An analysis of the retirement plans of the country's largest employers reveals a significant increase in the percentage of employers who offer defined contribution/401(k) plans only, according to Watson Wyatt. In 2005, 36 percent of Fortune 100 companies offered 401(k) plans only (not in combination with a traditional pension plan), up from 25 percent in 2004 and from 17 percent in 2002.
Conversely, the percentage of employers offering a traditional pension plan continued to decline in 2005--down from 42 percent in 2004 to 37 percent in 2005. As a point of comparison, in 1998, 68 percent of employers offered a traditional pension plan and just 10 percent offered a 401(k).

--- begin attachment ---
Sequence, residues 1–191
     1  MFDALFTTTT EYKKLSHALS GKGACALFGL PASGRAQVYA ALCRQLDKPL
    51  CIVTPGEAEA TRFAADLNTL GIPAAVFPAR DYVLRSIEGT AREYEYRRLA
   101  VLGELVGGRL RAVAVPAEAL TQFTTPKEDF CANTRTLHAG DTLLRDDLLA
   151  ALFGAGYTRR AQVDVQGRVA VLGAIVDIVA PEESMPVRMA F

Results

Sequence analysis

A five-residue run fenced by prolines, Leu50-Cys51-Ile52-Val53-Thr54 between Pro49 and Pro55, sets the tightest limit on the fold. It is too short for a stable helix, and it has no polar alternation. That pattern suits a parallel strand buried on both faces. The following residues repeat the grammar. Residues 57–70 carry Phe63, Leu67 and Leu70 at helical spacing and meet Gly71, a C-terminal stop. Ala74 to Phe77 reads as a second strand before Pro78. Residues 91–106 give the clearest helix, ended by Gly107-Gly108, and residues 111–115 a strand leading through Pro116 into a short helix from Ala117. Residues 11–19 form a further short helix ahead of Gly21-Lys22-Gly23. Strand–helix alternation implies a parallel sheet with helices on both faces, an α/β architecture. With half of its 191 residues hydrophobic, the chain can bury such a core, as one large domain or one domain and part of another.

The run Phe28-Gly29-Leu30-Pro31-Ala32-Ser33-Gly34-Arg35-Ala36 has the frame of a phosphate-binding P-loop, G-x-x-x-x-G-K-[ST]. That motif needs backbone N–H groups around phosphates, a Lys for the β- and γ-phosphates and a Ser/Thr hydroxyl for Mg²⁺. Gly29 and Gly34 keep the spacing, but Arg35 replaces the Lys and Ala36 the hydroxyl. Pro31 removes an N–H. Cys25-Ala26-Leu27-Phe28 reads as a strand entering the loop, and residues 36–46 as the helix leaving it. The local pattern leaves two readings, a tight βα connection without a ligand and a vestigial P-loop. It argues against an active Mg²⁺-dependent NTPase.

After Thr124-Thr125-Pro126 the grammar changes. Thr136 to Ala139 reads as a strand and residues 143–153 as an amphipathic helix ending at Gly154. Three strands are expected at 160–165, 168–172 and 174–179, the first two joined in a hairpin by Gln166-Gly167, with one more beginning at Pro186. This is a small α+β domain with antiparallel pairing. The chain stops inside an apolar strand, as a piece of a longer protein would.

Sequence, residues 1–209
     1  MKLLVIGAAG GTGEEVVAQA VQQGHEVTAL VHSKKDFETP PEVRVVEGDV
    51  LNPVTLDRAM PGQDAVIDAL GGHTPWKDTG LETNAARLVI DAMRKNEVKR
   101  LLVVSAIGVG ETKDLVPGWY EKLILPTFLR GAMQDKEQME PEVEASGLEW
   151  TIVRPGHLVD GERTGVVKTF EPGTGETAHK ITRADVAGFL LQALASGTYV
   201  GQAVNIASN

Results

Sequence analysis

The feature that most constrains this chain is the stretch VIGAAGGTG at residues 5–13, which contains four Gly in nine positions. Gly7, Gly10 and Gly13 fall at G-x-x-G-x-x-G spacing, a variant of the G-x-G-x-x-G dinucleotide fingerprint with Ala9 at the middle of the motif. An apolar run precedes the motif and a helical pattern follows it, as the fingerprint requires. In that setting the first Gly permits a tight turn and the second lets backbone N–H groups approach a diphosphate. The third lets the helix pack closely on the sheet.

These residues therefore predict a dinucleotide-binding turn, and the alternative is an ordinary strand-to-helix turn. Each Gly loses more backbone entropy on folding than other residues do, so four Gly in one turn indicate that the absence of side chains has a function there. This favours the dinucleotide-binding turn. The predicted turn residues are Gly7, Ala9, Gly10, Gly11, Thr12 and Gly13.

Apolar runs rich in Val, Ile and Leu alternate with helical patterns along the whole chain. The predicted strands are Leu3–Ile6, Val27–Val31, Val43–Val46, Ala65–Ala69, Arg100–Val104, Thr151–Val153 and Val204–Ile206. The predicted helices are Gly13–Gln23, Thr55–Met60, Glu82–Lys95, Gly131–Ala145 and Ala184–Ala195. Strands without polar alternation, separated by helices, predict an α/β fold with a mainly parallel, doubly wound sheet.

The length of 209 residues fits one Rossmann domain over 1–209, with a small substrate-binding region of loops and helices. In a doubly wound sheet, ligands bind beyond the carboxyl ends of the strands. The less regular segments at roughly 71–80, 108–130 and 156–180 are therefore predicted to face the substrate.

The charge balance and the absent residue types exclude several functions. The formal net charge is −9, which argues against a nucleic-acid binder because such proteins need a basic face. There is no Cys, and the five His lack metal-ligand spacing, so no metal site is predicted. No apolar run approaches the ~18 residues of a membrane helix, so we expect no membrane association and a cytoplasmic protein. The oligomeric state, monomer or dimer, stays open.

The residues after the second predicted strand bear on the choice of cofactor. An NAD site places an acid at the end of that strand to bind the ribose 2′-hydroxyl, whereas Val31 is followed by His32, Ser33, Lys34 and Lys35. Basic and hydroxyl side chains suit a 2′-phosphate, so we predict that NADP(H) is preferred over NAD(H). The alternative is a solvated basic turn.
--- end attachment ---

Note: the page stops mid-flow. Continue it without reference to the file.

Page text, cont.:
Meanwhile, hybrid plans--which Watson Wyatt explains are generally cash balance and pension equity plans--are on the decline, according to the findings. In 2004, 33 percent of employers offered hybrid plans, but just 27 percent did so in 2005.
In a press release announcing the findings, Watson Wyatt urged Congress to act on long-standing funding and regulatory issues affecting pensions:
"It's unfortunate that some employers are dropping their hybrid pension plans," said Sylvester J. Schieber, Watson Wyatt's director of U.S. benefits consulting. "Hybrids can be a win-win, offering employers a way to avoid the financial volatility of traditional defined benefit plans while ensuring that employers, not employees, retain the investment risk."
"Unless Congress takes some definitive action on pension reform legislation, employers may ultimately conclude that they have little choice other than to abandon these plans in favor of only a 401(k) plan, even if that is not the right decision for their company and workforce."